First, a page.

Tour Series Blog: Sleep, sleep, & more sleep

Three weeks in and two weeks to go of the 2012 Halfords Tour Series and everyone who is travelling to and from each round will be greeting the weekends with open arms. It’s time to sleep and recover and for the riders, get in a few endurance miles.

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Related Links: Halfords Tour Series Report & Photos – Canary Wharf | Report & Photos – Peterborough

Speaking to a few of the riders in the series, like one who works full time as well races the Halfords Tour Series, it’s the travelling and lack of sleep which is what really gets to them and they aren’t alone! Evening races are cruel as they completely mess with one’s body clock and it doesn’t take long to feel a wreck. Or maybe I’m just getting old …

Having done the Tour of Britain and other major multi-day events, covering the Halfords Tour Series actually feels tougher because it’s five weeks of the same punishment. Not that I’m complaining of course but I do appreciate the weekends especially when I can catch-up on work that needs to be done and that all important sleep. Most importantly, the sleep!

You could say life on the Halfords Tour Series is a blur and some times, that can be taken quite literally (as I rub my eyes again) …

I guess I’m used to getting to bed before midnight normally but after each round of the Tour Series, there’s a lot of work to get through, either in the van, or after a long drive home, in the office and so it’s the early hours of the morning before I see my bed.

For the crew on the race, it’s far worse. They have early starts and very late finishes as well as the travel, while for riders, it varies between being bearable for those in teams with hotels booked at each of the venues to downright ugly for those who finish a round, drive home and are then up early for work!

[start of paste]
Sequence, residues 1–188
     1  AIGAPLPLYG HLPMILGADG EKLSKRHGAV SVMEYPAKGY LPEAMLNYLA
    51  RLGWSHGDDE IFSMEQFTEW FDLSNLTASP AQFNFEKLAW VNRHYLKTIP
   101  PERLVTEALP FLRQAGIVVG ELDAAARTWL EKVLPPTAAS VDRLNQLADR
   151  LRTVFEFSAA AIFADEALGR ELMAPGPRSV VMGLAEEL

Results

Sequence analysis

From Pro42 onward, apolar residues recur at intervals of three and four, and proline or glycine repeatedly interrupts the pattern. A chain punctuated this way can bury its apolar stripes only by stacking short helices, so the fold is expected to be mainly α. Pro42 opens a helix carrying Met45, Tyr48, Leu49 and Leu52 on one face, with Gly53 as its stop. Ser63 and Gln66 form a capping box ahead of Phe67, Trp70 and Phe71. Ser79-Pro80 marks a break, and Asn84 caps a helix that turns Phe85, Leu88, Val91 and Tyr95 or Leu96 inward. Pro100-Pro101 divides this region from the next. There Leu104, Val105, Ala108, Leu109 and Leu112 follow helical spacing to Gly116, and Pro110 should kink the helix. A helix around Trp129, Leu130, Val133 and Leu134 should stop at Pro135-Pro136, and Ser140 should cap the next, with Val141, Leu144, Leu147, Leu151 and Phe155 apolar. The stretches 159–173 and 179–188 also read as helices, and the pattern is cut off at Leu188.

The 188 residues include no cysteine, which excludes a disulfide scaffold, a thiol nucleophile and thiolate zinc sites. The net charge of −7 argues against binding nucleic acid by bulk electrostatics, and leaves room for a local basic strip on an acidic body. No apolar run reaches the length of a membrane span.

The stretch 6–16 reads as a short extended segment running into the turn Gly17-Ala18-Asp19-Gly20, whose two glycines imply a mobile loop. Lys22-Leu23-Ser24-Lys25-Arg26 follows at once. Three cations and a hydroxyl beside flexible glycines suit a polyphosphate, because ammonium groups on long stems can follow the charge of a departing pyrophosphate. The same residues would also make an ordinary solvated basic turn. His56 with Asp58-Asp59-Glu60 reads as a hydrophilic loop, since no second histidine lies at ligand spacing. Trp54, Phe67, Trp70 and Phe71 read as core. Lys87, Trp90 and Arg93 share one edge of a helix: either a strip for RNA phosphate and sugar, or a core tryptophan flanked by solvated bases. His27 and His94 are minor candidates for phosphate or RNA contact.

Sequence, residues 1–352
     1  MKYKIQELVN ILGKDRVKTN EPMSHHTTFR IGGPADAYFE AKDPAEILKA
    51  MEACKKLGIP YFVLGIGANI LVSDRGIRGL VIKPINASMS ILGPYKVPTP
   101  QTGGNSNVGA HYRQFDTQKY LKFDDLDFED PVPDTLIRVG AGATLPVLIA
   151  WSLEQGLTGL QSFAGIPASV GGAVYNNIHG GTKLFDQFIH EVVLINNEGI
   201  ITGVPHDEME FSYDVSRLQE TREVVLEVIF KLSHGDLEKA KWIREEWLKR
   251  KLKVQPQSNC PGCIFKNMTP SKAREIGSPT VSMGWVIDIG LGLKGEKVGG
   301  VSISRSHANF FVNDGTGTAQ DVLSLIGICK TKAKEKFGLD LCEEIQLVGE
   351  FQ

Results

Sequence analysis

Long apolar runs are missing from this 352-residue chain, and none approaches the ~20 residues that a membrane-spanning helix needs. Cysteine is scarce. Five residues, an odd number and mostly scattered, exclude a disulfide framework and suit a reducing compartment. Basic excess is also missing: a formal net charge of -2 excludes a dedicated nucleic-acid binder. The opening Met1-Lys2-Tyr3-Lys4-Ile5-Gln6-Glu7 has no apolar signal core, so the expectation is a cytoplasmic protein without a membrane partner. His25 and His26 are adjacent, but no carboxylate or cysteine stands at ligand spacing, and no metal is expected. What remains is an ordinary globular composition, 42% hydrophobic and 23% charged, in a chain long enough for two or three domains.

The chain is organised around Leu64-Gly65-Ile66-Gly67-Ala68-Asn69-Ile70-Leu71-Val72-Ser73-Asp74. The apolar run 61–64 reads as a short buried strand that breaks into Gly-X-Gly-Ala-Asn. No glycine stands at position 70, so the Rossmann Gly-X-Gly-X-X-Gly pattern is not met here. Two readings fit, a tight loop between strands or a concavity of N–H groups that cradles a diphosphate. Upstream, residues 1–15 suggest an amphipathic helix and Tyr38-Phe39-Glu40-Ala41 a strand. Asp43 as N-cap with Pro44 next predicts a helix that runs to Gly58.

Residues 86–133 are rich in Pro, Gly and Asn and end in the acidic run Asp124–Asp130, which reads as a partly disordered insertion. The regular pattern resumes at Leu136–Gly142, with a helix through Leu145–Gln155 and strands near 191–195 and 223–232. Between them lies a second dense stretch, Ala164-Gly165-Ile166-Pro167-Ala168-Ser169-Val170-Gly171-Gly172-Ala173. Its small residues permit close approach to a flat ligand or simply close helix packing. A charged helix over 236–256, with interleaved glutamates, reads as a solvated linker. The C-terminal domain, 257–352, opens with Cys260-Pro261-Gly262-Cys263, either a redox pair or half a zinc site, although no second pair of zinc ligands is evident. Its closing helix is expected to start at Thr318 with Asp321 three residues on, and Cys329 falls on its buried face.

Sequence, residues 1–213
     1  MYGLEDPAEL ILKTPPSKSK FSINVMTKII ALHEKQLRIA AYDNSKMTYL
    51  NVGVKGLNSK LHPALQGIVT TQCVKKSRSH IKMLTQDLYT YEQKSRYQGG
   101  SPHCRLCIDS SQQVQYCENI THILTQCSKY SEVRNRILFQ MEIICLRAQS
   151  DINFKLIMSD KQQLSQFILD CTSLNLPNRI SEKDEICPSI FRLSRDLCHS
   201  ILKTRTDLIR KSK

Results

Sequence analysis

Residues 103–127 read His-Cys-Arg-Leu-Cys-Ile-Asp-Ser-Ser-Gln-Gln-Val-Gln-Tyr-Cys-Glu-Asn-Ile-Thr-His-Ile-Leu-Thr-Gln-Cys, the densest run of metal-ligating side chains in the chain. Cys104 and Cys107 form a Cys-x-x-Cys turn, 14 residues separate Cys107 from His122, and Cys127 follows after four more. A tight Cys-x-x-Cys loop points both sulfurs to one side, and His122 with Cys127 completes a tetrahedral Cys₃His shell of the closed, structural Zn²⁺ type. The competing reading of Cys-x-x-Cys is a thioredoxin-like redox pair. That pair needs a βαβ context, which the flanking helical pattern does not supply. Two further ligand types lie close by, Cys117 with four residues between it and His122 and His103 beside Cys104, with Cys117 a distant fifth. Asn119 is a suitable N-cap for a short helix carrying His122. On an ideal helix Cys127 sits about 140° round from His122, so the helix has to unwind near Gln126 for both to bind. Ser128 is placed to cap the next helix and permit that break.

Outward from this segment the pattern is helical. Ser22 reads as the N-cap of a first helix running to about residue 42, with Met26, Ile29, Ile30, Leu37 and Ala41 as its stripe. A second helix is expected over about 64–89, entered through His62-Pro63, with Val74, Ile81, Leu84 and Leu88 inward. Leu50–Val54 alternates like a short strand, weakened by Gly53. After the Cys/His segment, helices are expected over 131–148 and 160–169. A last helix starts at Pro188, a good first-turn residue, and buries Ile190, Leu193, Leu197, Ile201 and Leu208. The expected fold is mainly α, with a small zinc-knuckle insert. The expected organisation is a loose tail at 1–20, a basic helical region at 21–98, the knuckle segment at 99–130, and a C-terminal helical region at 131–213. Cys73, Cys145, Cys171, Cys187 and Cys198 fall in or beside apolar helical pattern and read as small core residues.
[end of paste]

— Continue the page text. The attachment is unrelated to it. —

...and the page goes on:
A newcomer to the series, Paul Oldham of Hope Factory Racing says it’s difficult but not impossible to mix working and racing the Tour Series but confirms that it’s the travelling and lack of sleep that puts them in the hurt locker, more so than the racing. It all means that when they do ride outside of the series, it’s ‘slow’ as a lot of the riders are quite simply nailed to the road.

Paul Oldham, former British Cyclo-Cross Champion, and mixing full time work with racing the Halfords Tour Series

It highlights one of the differences between the haves and the have nots. Those who have to cut down on hotels and recovery days after the races to be in work will feel the Tour Series in their legs more than the pros who can relax between events. The ‘workers’ for sure have to organise themselves really well to make the most of what holiday leave they use to do the series.

Another who works is a ‘name’ you’ll hear on the ITV coverage of the races, Marcel Six of Metaltek Scott. He’s battling with Bernie Sulzberger of Raleigh-GAC for the Sprints competition and it’s these two who are dominating that competition. When I contacted Marcel on Saturday, he was at work and explained that afterwards, he’ll get in a short ride on the bike before spending the evening with his family.

Sunday will then see Marcel doing a two to three hour ride but the main focus is to sleep as much as possible to recover from the travelling in the hope he can keep his good form going as long as possible.

Marcel Six pictured when leading the Boardman Bikes Sprint competition.

The British Circuit Race Champion Graham Briggs who’s a full time rider for Raleigh GAC admits that even for the pros, the travelling has an impact on what they do for the rest of the week. This weekend, he’s done four hours on the Saturday, avoiding by and large the tear up on the Saturday run for the Rotherham chaingang, and three hours on the Sunday just to get in some endurance riding in without the top end intensity.

A rider in the leading team, Endura Racing, Ian Wilkinson, is well experienced in the demands of the Halfords Tour Series having won it when with the Halfords Team. When we spoke (Saturday), he’d spent four hours or so riding between cafes in his native Lancashire with a few of the chaingang up there.